Losing My Virginity by Richard Branson
A famous autobiography by the Founder and CEO of the Virgin Group - Richard Branson, it traces the journey of Branson from Rags to Riches. The book goes ahead to detail the extraordinary and different choices that Branson made in his journey so far.
Nail It then Scale It by Nathan Furr and Paul Ahlstrom
This book gives the secret winning sauce to all those struggling startups. In the book both Furr and Ahlstrom explains that the Nail It Then Scale It method recognises those patterns and principles that most successful entrepreneurs use.
The 7 Habits of Highly Effective People: Powerful Lessons in Personal Change by Stephen R. Covey
Even after decades since it was published, this book is full of wisdom and ideas that every entrepreneur could do with. This book has been a top-seller for the simple reason that it ignores trends and pop psychology for proven principles of fairness, integrity, honesty, and human dignity. (Read More)
Influence: The Psychology of Persuasion by Robert B. Cialdini, PhD
People skills are very important for an entrepreneur to succeed. For that he needs to master persuasion. Getting people to say yes is one of the most challenging tasks an entrepreneur has to undergo. Influence: The Psychology of Persuasion explains the entire psychology behind why people say yes and how to make them say it.
Innovation and Entrepreneurship by Peter Drucker
Though the book had been written way back, the fundamentals for starting up a venture which are mentioned in it, find relevance even today. It talks about the dos and don’ts which should be kept in mind before being an entrepreneur. As Drucker is recognized for his clairvoyance, a fast read is suggested. (Read More)
The Hard Thing About Hard Things by Ben Horowitz
While every other business and startup books talk about how to start up, Ben Horowitz's book talks more about the realities of the entrepreneurial journey. The book as the name suggests focuses on hard things like hiring and firing, war time and peace time CEO and other practical lessons for entrepreneurs.
Outliers: The Story of Success by Malcolm Gladwell
This is one of the best books that will help you assess your aspirations and strategise. In Outliers, Gladwell examines the factors that contribute to high levels of success. To support his thesis, he examines the causes of why the majority of Canadian ice hockey players are born in the first few months of the calendar year, how Microsoft Co-founder Bill Gates achieved his extreme wealth, how The Beatles became one of the most successful musical acts in human history, how Joseph Flom built Skadden, Arps, Slate, Meagher & Flom into one of the most successful law firms in the world. (Read More)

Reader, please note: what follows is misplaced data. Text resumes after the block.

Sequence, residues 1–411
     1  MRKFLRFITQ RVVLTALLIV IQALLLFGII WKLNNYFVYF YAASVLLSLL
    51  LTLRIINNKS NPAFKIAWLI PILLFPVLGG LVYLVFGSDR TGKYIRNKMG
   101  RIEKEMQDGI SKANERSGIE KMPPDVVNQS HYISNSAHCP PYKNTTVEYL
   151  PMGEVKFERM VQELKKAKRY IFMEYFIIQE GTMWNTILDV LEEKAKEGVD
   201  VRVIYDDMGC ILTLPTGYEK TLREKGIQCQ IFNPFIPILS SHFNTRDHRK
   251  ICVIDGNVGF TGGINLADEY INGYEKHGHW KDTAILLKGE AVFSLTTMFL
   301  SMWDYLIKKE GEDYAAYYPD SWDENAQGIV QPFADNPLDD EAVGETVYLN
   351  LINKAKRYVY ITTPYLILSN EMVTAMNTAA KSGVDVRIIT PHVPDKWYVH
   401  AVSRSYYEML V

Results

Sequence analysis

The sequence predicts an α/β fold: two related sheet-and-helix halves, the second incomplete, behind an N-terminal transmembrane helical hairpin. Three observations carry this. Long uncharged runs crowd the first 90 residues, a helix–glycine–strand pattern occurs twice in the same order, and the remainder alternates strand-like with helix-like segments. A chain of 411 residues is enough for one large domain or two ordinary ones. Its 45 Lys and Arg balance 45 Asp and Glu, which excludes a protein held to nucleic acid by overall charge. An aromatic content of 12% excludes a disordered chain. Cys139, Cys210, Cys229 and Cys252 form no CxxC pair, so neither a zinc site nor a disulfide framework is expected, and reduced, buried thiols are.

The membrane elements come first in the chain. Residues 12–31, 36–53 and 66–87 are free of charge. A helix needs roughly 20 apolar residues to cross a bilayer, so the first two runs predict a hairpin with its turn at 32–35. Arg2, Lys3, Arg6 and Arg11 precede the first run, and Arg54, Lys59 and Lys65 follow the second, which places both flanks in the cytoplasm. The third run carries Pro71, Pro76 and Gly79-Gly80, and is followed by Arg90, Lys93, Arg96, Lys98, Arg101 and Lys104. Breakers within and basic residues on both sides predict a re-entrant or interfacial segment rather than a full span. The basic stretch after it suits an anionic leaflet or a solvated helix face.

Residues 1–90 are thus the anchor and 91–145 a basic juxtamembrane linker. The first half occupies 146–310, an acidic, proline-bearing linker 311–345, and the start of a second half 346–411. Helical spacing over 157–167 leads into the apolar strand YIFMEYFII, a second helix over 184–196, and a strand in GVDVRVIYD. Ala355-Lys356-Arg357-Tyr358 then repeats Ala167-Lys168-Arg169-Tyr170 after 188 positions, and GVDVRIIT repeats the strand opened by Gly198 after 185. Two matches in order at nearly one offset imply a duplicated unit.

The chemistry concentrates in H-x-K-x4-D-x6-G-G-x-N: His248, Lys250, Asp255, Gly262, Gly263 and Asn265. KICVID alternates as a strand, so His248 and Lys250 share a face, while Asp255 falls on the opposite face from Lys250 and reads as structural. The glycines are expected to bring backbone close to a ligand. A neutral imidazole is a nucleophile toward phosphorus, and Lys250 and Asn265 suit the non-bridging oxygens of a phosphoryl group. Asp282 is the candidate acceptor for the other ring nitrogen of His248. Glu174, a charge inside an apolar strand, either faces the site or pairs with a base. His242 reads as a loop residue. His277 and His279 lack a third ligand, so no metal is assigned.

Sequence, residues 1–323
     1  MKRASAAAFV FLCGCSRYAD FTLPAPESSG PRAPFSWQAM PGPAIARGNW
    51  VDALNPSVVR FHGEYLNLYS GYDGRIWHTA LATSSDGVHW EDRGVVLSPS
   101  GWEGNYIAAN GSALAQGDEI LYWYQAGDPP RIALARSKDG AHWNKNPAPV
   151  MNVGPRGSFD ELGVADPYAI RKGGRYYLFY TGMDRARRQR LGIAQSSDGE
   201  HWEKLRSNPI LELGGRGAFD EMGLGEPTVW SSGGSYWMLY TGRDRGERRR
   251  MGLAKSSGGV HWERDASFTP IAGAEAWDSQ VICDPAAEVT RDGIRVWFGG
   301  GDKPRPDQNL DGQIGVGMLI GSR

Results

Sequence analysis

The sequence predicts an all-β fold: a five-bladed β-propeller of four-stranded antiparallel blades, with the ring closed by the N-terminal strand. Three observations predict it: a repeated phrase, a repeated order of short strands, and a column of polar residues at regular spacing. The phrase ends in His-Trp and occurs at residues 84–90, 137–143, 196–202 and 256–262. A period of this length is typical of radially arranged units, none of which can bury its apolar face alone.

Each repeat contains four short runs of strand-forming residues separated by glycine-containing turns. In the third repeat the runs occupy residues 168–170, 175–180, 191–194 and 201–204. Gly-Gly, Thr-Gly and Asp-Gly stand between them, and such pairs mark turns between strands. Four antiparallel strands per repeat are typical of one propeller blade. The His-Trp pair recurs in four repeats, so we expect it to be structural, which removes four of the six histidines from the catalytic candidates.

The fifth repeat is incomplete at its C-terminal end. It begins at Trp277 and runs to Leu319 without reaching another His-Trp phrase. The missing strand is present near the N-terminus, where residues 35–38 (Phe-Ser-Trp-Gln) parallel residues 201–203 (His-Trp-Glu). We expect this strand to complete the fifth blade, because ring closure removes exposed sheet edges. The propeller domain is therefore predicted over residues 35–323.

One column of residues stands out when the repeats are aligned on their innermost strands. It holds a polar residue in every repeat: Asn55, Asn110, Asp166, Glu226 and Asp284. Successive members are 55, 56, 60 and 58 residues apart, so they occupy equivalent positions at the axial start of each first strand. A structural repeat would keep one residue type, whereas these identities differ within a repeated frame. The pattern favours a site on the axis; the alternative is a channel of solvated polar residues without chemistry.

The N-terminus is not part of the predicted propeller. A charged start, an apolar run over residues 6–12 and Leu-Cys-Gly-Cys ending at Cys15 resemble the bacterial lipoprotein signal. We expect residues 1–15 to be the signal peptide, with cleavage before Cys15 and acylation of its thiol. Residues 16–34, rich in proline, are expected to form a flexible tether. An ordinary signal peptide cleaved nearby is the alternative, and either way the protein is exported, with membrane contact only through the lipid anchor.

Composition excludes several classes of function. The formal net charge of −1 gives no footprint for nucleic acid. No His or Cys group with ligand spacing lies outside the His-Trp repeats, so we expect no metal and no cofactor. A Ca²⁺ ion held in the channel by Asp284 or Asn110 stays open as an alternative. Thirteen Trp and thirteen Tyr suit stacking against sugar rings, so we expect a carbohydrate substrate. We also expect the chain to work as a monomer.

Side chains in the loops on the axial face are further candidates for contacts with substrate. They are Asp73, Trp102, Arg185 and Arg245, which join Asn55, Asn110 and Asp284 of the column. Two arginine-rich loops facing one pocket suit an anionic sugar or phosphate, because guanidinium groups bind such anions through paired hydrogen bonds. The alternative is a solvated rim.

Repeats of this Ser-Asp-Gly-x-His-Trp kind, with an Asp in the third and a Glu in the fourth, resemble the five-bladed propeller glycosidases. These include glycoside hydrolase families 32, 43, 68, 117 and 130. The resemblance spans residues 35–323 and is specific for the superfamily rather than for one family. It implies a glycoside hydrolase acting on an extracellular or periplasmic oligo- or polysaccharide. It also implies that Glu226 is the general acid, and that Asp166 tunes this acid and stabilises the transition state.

The $100 Startup by Chris Guillebeau
As compared to the dozens of books addressing corporate innovation or technology startups or small/medium businesses, The $100 Startup has a refreshingly different focus: the ‘solopreneur’ or individual entrepreneurs who strike off on their own or with small teams, and convert ‘passions into profits’ through micro-businesses. (Read More)
‘The Everything Store: Jeff Bezos and the Age of Amazon’ by Brad Stone
Brad Stone has written for ‘Newsweek’, ‘New York Times’ and ‘Bloomberg’. The book captures the tenacious spirit and disruptive innovations of Jeff Bezos and Amazon, who have transformed and accelerated entire industries via e-commerce and cloud computing.
Jugaad Innovation: A Frugal and Flexible Approach to Innovation for the 21st Century, by Navi Radjou, Jaideep Prabhu and Simone Ahuja
Leading companies around the world such as GE, Google, PepsiCo, Philips, Renault-Nissan, Siemens, Facebook, Suzlon, Tata Group, and Yes Bank are practising various principles of jugaad or frugal innovation and are learning from grassroots innovators in emerging economies such as India, according to the authors of this informative book. These principles are also being adopted by many NGOs and governments around the world. (Read More)
Startup Leadership, by Derek Lidow
Entrepreneurs succeed not just by creating a good product or an innovative company, but also by developing. Entrepreneur and author Derek Lidow explains that emerging companies have specific leadership requirements, stage by fast-moving stage. Each stage calls for different kinds of skills, not just ideation or management. Startups succeed if their founders can create a personal leadership strategy based on self-awareness and driven by a broad-based focus on evolution and adaptation. (Read More)
Things a Little Bird Told Me: Confessions of the Creative Mind, by Biz Stone
In his book, Biz Stone, the Co-founder of Twitter, discusses the power of creativity and how to harness it through stories from his remarkable life and career. Stone is known as the creative, effervescent, funny, charming, positive, optimistic, altruistic and yet remarkably savvy Co-founder of Twitter. His book Things a Little Bird Told Me: Confessions of the Creative Mind spans 224 pages and 18 chapters, and covers the pivotal and personal stories from his life along with lessons earned and learned the hard way. (Read More)